The Bangladesh government clamps down on dissent and democratic challenges
Students in Dhaka, Bangladesh, have long worried about their journey to school. Dangerous driving cost the lives of two students in the last week of July — they were run over by a bus — which triggered mass rallies of students across the centre of the capital. The students wanted the government to act — finally — to protect them. This was an opportunity for the government to do something following a simple plea by the students. But it did not.
Instead, ruffians went along the avenues, threatening and beating protesting students. Photographs of the violence were quick to reach social media. The award-winning Bangladeshi photographer and activist, Shahidul Alam, documented the protests and also the violence with his camera. On social media, he published his pictures of what appeared to be the organisers of the violence meeting with ruffians, who were then set out to attack the students. This did not go down well with the establishment.
Mr. Alam had received a request from the media outlet, Al-Jazeera, to appear on the channel and talk about the protests. He went on air and pointed out that the protests, while about traffic safety, also indicated a far wider set of concerns — ‘the looting of banks, the gagging of the media, extrajudicial killings, disappearances, bribery, corruption’. What he narrated was of little surprise to the people of Bangladesh. Protests are a constant feature of life, both in the past and in the present, in the country — over electricity supply in Kansat; over open-pit coal mining in Phulbari; against a coal plant at the rim of the Sundarbans; against stock market scandals that defrauded millions of small investors; and against quotas in government jobs for the descendants of ‘freedom fighters’ in the 1971 war.
Mr. Alam, who had been following the protests and the crackdown, also reported on social media: “Today, the police specifically asked for help from armed goons to combat unarmed students demanding safe roads.” This struck him as an important departure for the government which had now publicly gone after the students. “The government has miscalculated. It thought that fear and repression would be enough, but you cannot tame an entire nation in this manner,” he added.
On August 5, a group of men arrived at Mr. Alam’s home in Dhaka’s Dhanmondi area and took him into custody. It is said that the men taped over CCTV cameras in the area and forbade taking any photographs of his arrest. Rahnuma Ahmed, a journalist and Mr. Alam’s partner, said she rushed to the local police station but it turned out that Mr. Alam had been taken away by the Detective Branch. A police officer later said, “We are interrogating him for giving false information to different media and for provocative comments.” Mr. Alam’s lawyer has said that the police only registered the first information report after she called him and kept up the pressure on them. There was no appetite in the Bureau to follow common procedure.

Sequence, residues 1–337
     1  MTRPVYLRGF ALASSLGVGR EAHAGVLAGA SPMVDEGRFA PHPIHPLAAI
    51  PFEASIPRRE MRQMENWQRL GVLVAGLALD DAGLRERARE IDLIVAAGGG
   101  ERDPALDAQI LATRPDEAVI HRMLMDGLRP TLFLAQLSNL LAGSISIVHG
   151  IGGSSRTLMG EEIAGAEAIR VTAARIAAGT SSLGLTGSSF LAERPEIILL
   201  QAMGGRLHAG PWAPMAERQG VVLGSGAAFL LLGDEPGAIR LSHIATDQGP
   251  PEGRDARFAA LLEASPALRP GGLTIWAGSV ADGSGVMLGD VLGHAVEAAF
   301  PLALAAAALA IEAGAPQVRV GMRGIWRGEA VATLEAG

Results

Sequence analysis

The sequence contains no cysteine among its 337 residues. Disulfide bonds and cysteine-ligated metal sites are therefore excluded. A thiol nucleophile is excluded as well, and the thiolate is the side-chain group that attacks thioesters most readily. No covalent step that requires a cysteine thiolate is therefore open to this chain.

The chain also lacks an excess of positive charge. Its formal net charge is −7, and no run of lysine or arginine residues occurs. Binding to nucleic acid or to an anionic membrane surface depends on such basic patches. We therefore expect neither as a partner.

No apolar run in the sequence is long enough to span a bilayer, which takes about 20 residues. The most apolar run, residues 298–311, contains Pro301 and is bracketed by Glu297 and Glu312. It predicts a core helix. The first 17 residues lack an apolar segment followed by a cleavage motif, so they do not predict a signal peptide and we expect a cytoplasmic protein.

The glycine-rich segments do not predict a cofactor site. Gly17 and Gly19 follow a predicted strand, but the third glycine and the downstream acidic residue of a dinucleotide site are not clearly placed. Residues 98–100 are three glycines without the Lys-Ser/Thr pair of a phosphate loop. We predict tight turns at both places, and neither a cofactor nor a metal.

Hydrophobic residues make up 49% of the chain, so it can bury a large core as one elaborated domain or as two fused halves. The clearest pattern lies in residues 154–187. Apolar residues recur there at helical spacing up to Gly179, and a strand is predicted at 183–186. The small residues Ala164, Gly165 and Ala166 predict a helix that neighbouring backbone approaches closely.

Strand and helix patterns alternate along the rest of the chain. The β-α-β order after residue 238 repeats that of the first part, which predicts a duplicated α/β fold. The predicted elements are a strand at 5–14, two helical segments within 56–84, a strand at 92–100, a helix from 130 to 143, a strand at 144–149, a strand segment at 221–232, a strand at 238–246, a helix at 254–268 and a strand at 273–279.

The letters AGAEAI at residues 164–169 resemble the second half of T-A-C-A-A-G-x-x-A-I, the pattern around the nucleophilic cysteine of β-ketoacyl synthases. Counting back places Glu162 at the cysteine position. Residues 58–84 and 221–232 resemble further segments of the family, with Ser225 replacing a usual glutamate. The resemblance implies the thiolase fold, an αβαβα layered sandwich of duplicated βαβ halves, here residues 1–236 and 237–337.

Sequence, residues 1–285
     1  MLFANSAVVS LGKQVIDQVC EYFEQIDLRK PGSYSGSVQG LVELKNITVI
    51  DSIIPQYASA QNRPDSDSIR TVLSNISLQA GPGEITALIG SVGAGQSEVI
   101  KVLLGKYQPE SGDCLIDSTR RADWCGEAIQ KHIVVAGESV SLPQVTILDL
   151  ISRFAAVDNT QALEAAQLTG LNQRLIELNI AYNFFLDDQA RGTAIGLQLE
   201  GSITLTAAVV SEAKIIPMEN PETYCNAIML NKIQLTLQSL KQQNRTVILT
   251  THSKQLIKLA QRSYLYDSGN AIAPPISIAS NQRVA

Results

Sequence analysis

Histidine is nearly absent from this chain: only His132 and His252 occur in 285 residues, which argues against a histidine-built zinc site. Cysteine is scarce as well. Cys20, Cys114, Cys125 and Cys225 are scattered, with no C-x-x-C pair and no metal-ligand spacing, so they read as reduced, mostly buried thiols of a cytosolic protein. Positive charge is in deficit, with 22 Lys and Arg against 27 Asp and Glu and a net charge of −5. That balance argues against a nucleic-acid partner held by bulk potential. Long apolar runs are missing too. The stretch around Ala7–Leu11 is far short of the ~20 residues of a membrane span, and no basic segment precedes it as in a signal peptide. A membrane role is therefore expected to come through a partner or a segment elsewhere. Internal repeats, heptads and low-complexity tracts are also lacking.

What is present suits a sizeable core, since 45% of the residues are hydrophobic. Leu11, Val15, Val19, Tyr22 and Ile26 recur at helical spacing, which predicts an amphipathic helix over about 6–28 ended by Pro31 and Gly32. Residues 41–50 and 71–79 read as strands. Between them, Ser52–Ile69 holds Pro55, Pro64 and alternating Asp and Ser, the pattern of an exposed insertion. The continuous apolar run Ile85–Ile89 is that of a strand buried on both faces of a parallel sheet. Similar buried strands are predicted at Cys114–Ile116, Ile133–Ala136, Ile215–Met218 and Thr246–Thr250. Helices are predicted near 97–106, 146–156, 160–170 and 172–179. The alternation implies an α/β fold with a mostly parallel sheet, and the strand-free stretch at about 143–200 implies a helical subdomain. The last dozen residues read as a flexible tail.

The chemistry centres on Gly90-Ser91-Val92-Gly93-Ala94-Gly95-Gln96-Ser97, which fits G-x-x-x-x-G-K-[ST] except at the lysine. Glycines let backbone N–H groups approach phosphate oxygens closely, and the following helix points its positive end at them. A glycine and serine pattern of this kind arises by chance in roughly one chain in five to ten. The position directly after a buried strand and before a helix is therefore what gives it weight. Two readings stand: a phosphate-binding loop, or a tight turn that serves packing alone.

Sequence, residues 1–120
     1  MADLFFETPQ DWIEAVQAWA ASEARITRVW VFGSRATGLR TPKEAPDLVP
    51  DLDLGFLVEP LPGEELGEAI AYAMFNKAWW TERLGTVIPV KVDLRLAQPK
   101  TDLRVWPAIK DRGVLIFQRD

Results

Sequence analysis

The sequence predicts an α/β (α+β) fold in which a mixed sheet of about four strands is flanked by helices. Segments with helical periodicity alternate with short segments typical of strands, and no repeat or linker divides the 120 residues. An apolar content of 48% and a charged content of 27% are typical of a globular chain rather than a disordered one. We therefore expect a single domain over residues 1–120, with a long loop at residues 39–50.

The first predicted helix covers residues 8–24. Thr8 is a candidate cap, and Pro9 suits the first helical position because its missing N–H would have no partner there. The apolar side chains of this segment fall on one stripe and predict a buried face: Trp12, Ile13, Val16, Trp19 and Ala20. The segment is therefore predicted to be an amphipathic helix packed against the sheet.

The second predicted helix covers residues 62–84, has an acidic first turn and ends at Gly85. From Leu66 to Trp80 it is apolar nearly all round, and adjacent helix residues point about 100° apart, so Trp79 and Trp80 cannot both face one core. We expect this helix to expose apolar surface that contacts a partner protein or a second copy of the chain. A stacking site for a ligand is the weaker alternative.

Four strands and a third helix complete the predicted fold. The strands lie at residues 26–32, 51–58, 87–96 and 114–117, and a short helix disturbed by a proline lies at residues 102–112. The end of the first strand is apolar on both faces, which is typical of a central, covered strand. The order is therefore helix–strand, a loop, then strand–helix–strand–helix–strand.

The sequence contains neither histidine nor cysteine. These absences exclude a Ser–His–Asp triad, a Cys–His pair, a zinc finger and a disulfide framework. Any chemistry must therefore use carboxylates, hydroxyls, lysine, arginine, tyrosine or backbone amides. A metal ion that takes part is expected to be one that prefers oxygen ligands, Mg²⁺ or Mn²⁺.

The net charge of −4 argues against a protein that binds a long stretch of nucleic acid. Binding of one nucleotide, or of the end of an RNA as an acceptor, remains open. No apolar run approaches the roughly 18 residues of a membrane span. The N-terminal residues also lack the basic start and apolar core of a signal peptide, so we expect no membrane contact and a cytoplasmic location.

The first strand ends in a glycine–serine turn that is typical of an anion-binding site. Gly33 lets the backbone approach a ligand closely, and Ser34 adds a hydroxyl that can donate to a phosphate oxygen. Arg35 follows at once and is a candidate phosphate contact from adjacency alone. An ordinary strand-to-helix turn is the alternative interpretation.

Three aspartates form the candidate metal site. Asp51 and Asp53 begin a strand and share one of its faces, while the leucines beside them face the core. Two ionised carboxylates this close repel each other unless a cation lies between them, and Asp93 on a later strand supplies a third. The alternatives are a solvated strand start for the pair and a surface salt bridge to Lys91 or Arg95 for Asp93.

Action and reaction
Mr. Alam was arrested after being charged under Section 57(2) of the Information and Communication Technology Act for “spreading imaginary propaganda against the government.” The Act is often used as a broad-brush tool to muzzle journalists. As he was taken from the court, Mr. Alam said, “I was hit (in custody). They washed my blood-stained Punjabi [kurta] and then made me wear it again.” Mr. Alam, a recipient of the Shilpakala Padak, one of Bangladesh’s prestigious awards, was now on a seven-day remand. . On Tuesday, the High Court ordered that the remand be suspended and that Mr. Alam be transferred to the Bangabandhu Sheikh Mujib Medical University for care. Whether the case against him will be pursued and whether this will send a message against such abductions in the future is to be seen.
The United Nations has said that it is “deeply concerned about the reports of violence” during the protests for road safety in Bangladesh and has appealed for calm. Dhaka’s streets remain tense. Some students have braved the crackdown, but the mood is sombre. It appears that the government is unwilling to negotiate with the students. Mr. Alam’s experience suggests that it is even unwilling to accept that there is a problem here — one that is bigger than road safety. Human rights groups and PEN International (a worldwide association of writers) have condemned his arrest.
This is an election year for Bangladesh. The crackdown on the students sends a very strong message — that the government will tolerate neither dissent nor democratic challenges.
It is fitting to recall that in the mass protests in Bangladesh in 1990, the longest running military junta led by General Ershad was affected after an army truck ran over a group of protesting students. When he came to power in 1982, there had been a conflagration over buses and students. It is no wonder then that the government is so sensitive to protests around the traffic.
Vijay Prashad is the Director of Tricontinental: Institute for Social Research
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